“Google will make a $450 million investment in ADT in exchange for shares… Upon the closing of Google’s equity investment in ADT, Google will own approximately 6.6 percent of ADT’s outstanding aggregate common equity. Google will combine its Nest devices, services and technology with ADT’s leadership position providing security solutions for millions of homes and small businesses in the U.S. The partnership pairs more than 20,000 ADT professionals together with Nest’s portfolio of helpful home devices. The company’s network of thousands of professional technicians will be able to sell and install devices like Nest Cameras and Nest Hub Max, all powered by Google Assistant.”
The infusion of capital, and formal relationship with Google, could indicate a changing of the guard for ADT, a company whose business model has historically been to subsidize monitoring hardware and installation in favor of the high-margin recurring revenue from monthly monitoring contracts. Products such as Google’s Nest suite and Amazon’s Ring offerings eventually came to market, and undercut the professional monitoring market with DIY solutions that triggered notifications at either a push of a doorbell or by computer vision rather than via active monitoring. Technology allowed notifications to homeowners of potential intruders or problems to be unbundled from a monthly subscription at a security level that was good enough to fit their needs. It worked: Ring was purchased for $1.2B, Nest for $3.2B. These are not small numbers. ADT had an enterprise value of ~$13B prior to the infusion of capital by Google, so relatively speaking, Ring and Nest were still a somewhat meaningful acquisition size.
The sizes of the Google investment and acquisitions of residential-focused hardware/software companies indicate the magnitude of what’s at stake. It’s no secret that Amazon and Google (…and Apple, and Facebook…) are in a “battle for the home”, with Amazon offering a suite of connected products from their Alexa home assistant, Ring doorbell, and Amazon Key for deliveries, and Google offering their Home and Nest suite. Apple also got into the game with their Homekit, and Facebook with their Portal. These are the biggest companies in the world fighting for access to your home – if that doesn’t indicate the stakes of this game, I’m not sure what does.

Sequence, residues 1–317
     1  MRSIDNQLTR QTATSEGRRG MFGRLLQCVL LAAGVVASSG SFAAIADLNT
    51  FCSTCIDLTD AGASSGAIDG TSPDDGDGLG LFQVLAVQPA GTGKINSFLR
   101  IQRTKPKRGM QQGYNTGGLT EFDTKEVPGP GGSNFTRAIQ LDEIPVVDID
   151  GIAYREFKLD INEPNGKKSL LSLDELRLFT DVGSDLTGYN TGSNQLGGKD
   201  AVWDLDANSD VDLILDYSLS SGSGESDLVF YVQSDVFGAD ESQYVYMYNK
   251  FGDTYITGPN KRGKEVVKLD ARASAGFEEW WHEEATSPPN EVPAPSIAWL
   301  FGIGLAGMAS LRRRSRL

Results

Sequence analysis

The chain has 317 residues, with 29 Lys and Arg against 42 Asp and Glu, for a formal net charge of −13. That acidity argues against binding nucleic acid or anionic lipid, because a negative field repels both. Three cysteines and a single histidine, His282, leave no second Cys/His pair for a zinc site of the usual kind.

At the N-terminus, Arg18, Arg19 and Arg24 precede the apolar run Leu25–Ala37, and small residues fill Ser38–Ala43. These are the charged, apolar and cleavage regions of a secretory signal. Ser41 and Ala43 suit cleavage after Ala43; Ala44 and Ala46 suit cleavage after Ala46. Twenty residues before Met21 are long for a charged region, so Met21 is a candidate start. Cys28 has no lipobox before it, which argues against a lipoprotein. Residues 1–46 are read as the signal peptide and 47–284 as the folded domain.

There are 140M single family homes in the US and more than 21M apartments. Companies such as Invitation Homes own 80,000+ rental homes, while big multifamily owners such as MAA own 100,000+ units. ADT currently has 6.5M recurring customers, and an installation staff of 5,400. Their scale is meaningful relative to the concentration of even the largest single family and multifamily owners. Winning the home means winning a long tail of customers, and a relationship with a company like ADT can bring meaningful scale and acquisition of customers in a far cheaper and efficient way than many other alternatives. This highlights the importance of distribution to get access to real estate. Companies can take a traditional D2C approach to acquiring households by selling to individuals, but partnerships such as Google + ADT highlight the ways that tech companies can leverage partnerships to 1) get into homes at scale faster and more capital efficiently and 2) expand their potential revenue streams. Landlords and managers of large portfolios of real estate should take note that the scale they have can result in distribution that is very meaningful, and therefore very valuable.
The deal naturally brought up conversations about Nine Four portfolio company SmartRent. SmartRent is an enterprise home automation company developing software and hardware to help owners, property managers and renters in multifamily communities. They are the ‘connective tissue’ within a building that binds building hardware (access systems, leak detectors, other IoT devices, etc.) with software that interacts with tenants, leasing and marketing, 3rd parties, and maintenance. Their scale across multifamily units should be attractive to big tech for the same reasons that ADT was to Google. While SmartRent integrates with different hardware devices and systems, Google or Amazon likely want to own those systems too.
Strategic implications aside, the infusion of capital by Google could also be well-timed as after ADT was taken public by Apollo in 2018 (Apollo is still a majority owner), the company is sitting on more than $10B in debt. The infusion of capital is likely a breath of fresh air for ADT, and may set forth a new precedent for relationships between big tech and property owners. COVID is firmly placing how we interact with each other and our built environment in the spotlight, and this is exactly where PropTech investors have focused their energy. We hope to see more news about large-scale partnerships across the real estate landscape coming soon!